Tuesday, September 13, 2016

DIY Sheet Metal Brake

Difficulty Level (Easy, Medium, Hard, Insane):
Easy

Process:
While I was Converting my Manual Gare Kiln to PID Controller Programmable Kiln i had need of a sheet metal brake. I considered the option of bringing it to a shop and pay them $20 bucks to bend a piece of metal for me but since I've always wanted a sheet metal brake I decided to put in a few hours of my time and $20 bucks in metal to make my own.

There are some ridiculously huge, strong, heavy and expensive metal brakes out there but since I'll probably only need to use it once or a twice a year I decided to build a smaller one that screws right into my welding bench, similarly to my Benchtop Buffer/Polisher that I had built a few years back.

The process was pretty simple. I took a 2.500" wide and 3/8" thick piece of flat steel, cut it on my Metal Band Saw to 36" wide and cut a 45 degree angle on one side. At first I put a cut-off wheel in my table saw and set it at a 45 degree angle but my saw wasn't powerful enough and I didn't want to take any chances of burning out the motor (not like I've done that TWICE before)!

Once I realized the table saw wasn't gonna cut it I took the long road and did it all by hand. first with a 1/16" of an inch thin cut-off blade, then with a more solid grinding wheel (still on the angle grinder). That took me about an hour or so.

Afterwards, I drilled two holes through the metal piece as well as the welding table and tapped the holes in the welding table for a 1/2" by 13 TPI bolt.

Next, I welded a 3ft. long piece of 1.500" by 1/4" angle iron on top of it to strengthen it. Then, I used my fixed Emco Maximat V10 Metal Lathe with its Milling Attachment to make 4 pivot pieces. Each is 2" long by 5/8" thick.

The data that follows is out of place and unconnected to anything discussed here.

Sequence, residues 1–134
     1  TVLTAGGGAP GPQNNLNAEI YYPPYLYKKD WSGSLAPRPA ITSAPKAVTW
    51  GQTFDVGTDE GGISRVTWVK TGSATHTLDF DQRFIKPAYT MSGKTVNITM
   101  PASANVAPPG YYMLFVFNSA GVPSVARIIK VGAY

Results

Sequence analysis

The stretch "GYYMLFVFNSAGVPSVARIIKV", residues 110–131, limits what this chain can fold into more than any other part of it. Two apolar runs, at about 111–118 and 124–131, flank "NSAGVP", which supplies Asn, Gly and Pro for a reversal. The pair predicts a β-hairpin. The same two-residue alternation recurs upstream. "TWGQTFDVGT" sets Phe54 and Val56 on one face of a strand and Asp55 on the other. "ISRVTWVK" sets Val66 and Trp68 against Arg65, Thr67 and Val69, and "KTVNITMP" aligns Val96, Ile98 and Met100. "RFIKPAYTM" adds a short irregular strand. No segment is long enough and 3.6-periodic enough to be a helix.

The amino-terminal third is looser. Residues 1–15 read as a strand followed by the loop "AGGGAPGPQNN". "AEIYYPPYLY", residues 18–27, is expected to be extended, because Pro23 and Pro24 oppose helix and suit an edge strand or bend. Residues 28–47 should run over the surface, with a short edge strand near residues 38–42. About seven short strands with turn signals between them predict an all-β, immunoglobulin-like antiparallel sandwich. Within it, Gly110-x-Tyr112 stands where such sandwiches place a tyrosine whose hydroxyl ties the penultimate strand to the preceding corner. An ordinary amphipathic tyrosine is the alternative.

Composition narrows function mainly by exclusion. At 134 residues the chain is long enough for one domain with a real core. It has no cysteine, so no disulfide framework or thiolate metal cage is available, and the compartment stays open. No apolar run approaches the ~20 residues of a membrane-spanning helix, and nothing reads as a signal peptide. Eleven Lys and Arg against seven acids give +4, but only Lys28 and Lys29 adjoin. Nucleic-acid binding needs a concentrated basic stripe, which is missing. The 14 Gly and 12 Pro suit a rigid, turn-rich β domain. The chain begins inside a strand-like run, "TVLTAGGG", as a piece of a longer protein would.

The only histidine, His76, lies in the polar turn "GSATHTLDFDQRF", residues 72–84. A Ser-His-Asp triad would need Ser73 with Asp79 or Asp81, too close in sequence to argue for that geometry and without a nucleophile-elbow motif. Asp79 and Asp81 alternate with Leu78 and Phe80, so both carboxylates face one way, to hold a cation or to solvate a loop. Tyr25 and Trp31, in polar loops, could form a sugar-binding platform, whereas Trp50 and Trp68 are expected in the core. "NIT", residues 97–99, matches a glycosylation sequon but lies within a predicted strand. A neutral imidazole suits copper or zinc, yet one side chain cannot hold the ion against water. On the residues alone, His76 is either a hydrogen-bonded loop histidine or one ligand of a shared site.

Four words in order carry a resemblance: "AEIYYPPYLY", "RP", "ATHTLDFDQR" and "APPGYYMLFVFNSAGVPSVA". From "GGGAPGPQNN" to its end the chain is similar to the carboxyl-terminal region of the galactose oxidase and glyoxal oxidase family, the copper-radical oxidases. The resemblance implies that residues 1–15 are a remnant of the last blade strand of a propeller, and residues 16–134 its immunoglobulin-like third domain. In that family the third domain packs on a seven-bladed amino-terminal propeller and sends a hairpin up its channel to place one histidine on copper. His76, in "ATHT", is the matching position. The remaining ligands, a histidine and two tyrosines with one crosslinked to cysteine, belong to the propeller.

After welding those 4 pieces to another, 4" longer, piece of 2.500" by 3/8" flat steel with my MIG welder and MIG Welder Cart I made 2 bushings that would fit the protruding pivot points.

All I had to do now was tack-weld the bending piece to the welding table, then slip the bushings over the protruding pivot points, and weld the bushings to a piece of 1/2" by 1" wide and about 4" long flat bar on each side.

I skipped welding handles on the brake and instead used a large adjustable wrench. Again, I'm not planning on using it a lot, but it served its purpose in making a new case for the kiln and it packs up nice and tight into a small bundle for easy storage.

Pictures:
Cutting the 2.500" by 3/8" flat bar
Setting the table saw at 45 degrees with a metal cut off blade didn't end up working out
The metal cut and ground to 45 degrees
A close-up view
Tapping a 1/2" by 13 TPI thread into the welding table
Fitting the angle iron on top of the flat bar
The pivot points after they were turned and milled to size
Another view
Close-up of the pivot points
After the angle iron was welded to the flat bar
Tack welding the pivot points to the flat bar that does the bending
Turning and drilling the bushings for the pivot points
The bushing slipped onto the pivot point
In position, ready to weld to the smaller flat bars of steel
Another view
Another view
Welding the bushings to the pieces of flat bar that would screw into the table to hold the bushings in place
Doing some test bends with 20 gauge sheet metal, about 16" wide
Another view
Getting ready to bend the pice of sheet metal for the kiln
Another view
The final shape
View from the back
Another view
Bending the air vents at the top and bottom of the piece I had just bent for the kiln
The front view
Another view
The vents installed
Close-up of the vents
The packed up metal brake ready to hit the storage shelf
Tools:
Angle grinder
Metal band saw
Lathe & accessories
Drill press
Drill
Measuring tape
Markers
Square
Digital calipers
MIG welder
Eye & ear protection
Bench top vise
Socket set
C-clamps

Materials:
7 feet of 2.500" by 3/8" flat iron - $15.00
4 feet of 1.500" angle iron - scrap pile
4 feet of 1.500" square tubing - scrap pile
1 foot of 1" diameter round stock - scrap pile
1 foot of 1" by 1/2" flat bar - scrap pile

Cost:
$15.00

Time:
4 hrs

Savings:
$300

Conclusion:
It works really well and I'm glad to have one more tool in my repertoire of tools

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